California Property Tax Assessment
The California Court of Appeals recently decided a case in which the California Property Tax Assessment on the assessed value of a hotel was in dispute. California property taxes are based on the assessed value of a property. The California appeals court partially sided with the hotel property owners in SRH St. Francis LLC v. City and County of San Francisco because the City of San Francisco improperly included certain intangible assets in the value of the property.
There are two main approaches county assessors may use to value a property. The comparable sales approach, with which most of us are familiar, involves looking at comparable sales to determine the value of a particular property. Under this approach, if a house similar to your house in your neighborhood just sold for X dollars, your house is worth X dollars (more or less).
The second approach is an income-based approach. County Assessors often apply this methodology for commercial properties. Under this approach, a property is valued based on the income stream the property can produce. If a property can generate $50,000 a year worth of income, and the market capitalization rate is 5%, the property will be valued at $1,000,000 ($50,000 divided by 5% equals $1,000,000).
Under California law, the values of certain intangibles like franchises or going concern value are generally excluded from the assessed value of a property for property taxes. For example, an unremarkable building in an undesirable location may be valuable because it happens to house a successful fast-food franchise. A county assessor must exclude the intangible value of the fast-food franchise when assessing its value for property taxes. However, intangibles may be included in the assessed value of a property if “necessary to put the property to good use.”
The SRH St. Francis case involved the property tax valuation of a hotel in San Francisco. The San Francisco County Assessor valued the hotel at over $700 million. The property owners argued the county assessor improperly included a management agreement, income from cancellations, income from laundry services, and income from in-room movies into the valuation of a hotel.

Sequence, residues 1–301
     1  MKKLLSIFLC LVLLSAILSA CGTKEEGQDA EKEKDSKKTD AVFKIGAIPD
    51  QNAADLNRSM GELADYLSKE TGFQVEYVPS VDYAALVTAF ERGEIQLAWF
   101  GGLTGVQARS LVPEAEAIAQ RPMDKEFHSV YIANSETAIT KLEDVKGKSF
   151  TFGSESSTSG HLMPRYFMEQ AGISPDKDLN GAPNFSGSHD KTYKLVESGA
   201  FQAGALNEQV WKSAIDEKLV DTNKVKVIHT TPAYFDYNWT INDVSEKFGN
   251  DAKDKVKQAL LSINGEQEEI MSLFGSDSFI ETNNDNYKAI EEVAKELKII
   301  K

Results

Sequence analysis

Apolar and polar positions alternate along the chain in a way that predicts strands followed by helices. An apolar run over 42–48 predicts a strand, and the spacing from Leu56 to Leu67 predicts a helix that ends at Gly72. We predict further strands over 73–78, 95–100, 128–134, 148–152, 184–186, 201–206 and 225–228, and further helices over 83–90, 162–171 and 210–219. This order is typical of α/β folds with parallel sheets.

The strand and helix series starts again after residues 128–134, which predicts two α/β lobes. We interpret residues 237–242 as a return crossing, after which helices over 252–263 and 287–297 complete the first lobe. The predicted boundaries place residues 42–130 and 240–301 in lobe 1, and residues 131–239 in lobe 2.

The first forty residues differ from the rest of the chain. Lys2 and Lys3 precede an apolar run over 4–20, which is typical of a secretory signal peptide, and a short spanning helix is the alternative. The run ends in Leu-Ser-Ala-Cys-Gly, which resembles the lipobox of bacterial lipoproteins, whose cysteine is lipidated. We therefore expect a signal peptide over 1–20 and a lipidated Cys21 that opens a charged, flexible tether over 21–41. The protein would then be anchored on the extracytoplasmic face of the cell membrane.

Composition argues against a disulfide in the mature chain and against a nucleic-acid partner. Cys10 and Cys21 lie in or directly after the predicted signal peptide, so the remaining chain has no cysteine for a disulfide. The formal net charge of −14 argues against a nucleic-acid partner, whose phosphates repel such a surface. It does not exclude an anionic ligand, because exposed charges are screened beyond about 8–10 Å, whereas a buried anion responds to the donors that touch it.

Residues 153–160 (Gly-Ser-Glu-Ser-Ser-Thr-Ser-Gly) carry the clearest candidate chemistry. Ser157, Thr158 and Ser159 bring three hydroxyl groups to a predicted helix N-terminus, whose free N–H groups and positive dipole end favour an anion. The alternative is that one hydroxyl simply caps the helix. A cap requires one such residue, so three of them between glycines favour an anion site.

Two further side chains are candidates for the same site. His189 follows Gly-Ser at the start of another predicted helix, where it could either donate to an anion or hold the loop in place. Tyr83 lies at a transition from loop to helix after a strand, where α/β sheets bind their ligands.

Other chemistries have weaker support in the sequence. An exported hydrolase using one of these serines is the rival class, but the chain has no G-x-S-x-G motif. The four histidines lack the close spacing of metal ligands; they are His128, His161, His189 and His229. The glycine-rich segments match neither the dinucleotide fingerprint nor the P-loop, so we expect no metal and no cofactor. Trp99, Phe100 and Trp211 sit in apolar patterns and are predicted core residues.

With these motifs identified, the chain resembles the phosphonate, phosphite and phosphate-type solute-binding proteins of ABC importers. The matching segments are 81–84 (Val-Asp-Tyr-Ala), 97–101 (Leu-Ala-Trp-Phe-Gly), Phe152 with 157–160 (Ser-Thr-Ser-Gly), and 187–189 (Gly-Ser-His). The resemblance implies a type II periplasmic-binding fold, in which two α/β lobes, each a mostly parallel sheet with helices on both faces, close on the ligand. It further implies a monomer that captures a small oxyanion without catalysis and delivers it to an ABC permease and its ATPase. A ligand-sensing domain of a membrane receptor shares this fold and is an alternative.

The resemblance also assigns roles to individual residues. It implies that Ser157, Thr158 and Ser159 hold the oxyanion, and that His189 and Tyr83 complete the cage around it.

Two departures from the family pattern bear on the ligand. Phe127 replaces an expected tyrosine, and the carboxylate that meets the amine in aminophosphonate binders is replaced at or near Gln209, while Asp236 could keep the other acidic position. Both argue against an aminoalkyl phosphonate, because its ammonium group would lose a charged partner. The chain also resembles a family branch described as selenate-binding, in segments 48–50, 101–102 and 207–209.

The court sided with the property owners because the county assessor failed to properly exclude the value of the management agreement from the assessed value of the hotel. The assessor treated the management fees the hotel paid under the management agreement merely as an expense to be deducted from the hotel’s income when determining the hotel’s value. The court ruled the management agreement could be a profit center for the hotel and determined the management agreement could generate net income for the hotel and this net income should be excluded from the hotel’s income. The property owner in the case claimed the management fees generated a 20% rate of return which should be excluded from the hotel’s income for valuation purposes.
The court also sided with the property owners in determining income from the laundry services and in-room movies should have been excluded from the income used for the hotel valuation. According to the court, these services were a side-business that did not relate directly to the hotel’s property. The court did rule that income from cancellation fees should be considered when valuing the hotel because the cancellation fee income “relates directly” to the hotel property.
When it comes to California Property Taxes, determining the assessed value of a property is not always as simple as looking at a couple comparable sales. Property owners may want to scrutinize any assessments to determine if they improperly include intangibles.
RJS LAW helps clients with all types of tax matters including property tax matters. Please contact us online at RJS LAW or phone at 619-595-1655 for a free no obligation consultation.
Written by Joseph Cole, Esq., LL.M.